Mencius Mother, Three Moves

In honor of Mother’s Day, here’s an adaptation of a traditional Chinese folktale.

When Mencius was just a little boy, his father died. Mencius’ mother, Zhǎng, had to raise Mencius all alone and they were very poor. At first, Mencius and his mother lived near a cemetery. Over time, Zhǎng noticed that her little boy was imitating the funeral directors and mourners. Even worse, he and his friends were playing with the offerings left at the graves.

Determined to find a more wholesome environment for her son, Zhǎng moved near a busy marketplace. Once again, young Mencius began imitating the adults around him. He imitated the loud sales pitches of the merchants and made clay pigs to “butcher.” Again, Zhǎng set out to find a better place to raise her son.

Their next home was near a school. This time, young Mencius imitated the students and teachers working hard at their studies and carrying out scholarly rituals. Finally, Zhǎng knew that she had found a proper neighborhood for her son. They were home.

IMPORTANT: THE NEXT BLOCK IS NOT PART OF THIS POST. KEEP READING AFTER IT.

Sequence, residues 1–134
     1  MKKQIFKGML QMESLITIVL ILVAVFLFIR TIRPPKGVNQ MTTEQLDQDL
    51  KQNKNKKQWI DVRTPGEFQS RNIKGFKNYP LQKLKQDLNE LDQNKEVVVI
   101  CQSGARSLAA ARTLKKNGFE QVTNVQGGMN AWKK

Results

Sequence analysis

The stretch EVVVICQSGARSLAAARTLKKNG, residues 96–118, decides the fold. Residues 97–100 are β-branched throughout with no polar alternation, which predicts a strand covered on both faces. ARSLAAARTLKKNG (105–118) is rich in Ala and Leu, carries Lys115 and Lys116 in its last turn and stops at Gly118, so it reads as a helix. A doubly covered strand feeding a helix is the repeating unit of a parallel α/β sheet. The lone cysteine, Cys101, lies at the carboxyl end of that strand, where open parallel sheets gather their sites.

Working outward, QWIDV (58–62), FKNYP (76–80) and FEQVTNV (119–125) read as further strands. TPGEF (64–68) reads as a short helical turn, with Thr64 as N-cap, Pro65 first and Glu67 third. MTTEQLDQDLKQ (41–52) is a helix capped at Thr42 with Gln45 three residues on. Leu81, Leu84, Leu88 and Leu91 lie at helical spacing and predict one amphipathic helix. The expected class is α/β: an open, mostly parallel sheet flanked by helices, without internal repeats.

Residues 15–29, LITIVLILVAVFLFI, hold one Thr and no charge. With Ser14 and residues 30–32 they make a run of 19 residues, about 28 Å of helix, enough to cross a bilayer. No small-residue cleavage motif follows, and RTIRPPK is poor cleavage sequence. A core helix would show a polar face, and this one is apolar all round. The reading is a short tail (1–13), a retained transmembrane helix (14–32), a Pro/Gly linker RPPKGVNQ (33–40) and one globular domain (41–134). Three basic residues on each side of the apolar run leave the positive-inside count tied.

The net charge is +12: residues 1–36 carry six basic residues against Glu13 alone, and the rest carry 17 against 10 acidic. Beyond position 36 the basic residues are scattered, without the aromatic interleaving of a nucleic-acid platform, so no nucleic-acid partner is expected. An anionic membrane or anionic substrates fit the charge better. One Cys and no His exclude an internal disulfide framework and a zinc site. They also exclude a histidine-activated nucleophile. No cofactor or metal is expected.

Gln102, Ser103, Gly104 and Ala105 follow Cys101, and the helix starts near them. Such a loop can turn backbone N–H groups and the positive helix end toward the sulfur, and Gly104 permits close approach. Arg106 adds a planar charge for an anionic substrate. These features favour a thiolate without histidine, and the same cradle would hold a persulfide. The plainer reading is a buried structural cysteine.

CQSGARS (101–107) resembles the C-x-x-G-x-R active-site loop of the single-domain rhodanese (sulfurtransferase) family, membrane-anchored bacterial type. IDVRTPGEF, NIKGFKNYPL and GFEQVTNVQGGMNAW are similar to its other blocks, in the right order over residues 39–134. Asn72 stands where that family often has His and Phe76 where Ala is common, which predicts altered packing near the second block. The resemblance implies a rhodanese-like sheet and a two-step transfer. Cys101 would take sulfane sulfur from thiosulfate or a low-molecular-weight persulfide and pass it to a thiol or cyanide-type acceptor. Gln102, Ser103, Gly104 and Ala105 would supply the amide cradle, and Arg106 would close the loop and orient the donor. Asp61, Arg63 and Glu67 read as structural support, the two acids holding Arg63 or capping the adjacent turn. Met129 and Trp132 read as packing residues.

Zhǎng’s love and care for her son were rewarded. He grew up to be one of the most respected thinkers in the history of the world. Zhǎng has been revered as a model of motherhood in China ever since. In fact, she inspired a common saying in China: 孟母三遷. Translated: Mencius’ Mother, Three Moves.

About the Author

Ben Butina, Ph.D.
Ben is the President and co-founder of the Ruist Association of America, Inc. and Friends from Afar, an English-speaking Ruist discussion group on Facebook. He's also the creator of Stone Chimes, a modern English adaptation of the Analects of Confucius.